Holiday Break: Part 4 (of 3)

4 03 2012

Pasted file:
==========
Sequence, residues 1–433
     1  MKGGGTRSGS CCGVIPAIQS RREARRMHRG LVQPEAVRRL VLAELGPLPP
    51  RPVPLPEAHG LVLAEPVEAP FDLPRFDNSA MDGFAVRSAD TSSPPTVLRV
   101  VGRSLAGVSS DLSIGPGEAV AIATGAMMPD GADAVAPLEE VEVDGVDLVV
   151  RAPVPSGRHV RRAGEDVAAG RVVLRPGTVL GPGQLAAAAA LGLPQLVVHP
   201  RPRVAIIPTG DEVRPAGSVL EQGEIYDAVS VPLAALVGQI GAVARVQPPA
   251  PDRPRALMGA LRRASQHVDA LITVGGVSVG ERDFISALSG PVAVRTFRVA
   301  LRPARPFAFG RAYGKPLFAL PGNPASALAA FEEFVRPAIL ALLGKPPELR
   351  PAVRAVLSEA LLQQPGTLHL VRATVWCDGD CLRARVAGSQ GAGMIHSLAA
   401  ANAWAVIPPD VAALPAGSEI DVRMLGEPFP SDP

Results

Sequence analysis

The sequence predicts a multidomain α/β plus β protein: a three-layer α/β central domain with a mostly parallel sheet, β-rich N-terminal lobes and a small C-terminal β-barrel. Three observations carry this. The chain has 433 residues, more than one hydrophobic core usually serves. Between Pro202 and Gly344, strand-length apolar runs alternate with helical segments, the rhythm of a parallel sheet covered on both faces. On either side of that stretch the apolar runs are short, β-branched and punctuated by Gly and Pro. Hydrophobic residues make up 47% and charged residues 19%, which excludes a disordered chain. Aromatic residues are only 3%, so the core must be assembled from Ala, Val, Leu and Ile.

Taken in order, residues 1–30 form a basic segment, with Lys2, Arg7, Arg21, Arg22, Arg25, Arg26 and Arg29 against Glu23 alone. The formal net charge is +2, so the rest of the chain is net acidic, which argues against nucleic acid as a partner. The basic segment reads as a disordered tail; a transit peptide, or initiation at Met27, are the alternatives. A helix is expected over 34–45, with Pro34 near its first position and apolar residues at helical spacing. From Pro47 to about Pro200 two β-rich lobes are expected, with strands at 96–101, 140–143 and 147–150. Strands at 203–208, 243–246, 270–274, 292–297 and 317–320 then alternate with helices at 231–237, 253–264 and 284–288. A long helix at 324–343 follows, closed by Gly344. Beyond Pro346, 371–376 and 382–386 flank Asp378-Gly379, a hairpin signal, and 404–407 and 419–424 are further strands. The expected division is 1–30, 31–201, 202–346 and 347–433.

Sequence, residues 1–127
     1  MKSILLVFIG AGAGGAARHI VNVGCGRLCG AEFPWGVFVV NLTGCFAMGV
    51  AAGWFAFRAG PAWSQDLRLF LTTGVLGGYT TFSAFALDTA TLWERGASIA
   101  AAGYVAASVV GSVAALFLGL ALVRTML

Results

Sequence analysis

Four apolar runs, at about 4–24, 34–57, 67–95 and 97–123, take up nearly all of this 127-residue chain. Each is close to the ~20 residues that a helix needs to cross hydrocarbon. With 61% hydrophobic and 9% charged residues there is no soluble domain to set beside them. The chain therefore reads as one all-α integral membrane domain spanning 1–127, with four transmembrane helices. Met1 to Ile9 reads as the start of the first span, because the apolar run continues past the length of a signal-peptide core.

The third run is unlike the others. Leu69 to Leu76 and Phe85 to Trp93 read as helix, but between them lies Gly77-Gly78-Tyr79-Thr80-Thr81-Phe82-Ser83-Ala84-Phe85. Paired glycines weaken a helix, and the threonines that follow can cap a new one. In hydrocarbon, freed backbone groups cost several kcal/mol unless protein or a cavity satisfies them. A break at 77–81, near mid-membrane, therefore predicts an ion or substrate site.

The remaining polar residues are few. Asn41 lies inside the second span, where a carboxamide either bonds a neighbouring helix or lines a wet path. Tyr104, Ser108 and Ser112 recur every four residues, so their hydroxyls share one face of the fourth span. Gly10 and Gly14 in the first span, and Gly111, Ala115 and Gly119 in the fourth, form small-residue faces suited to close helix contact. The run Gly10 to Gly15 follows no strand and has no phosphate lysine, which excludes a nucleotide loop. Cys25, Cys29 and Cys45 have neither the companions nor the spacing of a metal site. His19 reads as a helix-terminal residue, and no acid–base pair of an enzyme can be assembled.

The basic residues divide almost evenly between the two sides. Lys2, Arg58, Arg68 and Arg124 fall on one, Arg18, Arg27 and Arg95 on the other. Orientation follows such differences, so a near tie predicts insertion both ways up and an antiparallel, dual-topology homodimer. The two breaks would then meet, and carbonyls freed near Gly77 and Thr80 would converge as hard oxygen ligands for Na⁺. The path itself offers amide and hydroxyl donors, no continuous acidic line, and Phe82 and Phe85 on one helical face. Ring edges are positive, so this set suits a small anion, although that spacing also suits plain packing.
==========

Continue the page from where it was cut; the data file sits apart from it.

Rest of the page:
So I originally thought that I could write down everything that I did over my holiday break in 3 parts but as it turns out, that didn’t even take me until Christmas Eve, Christmas Day, or New Year’s.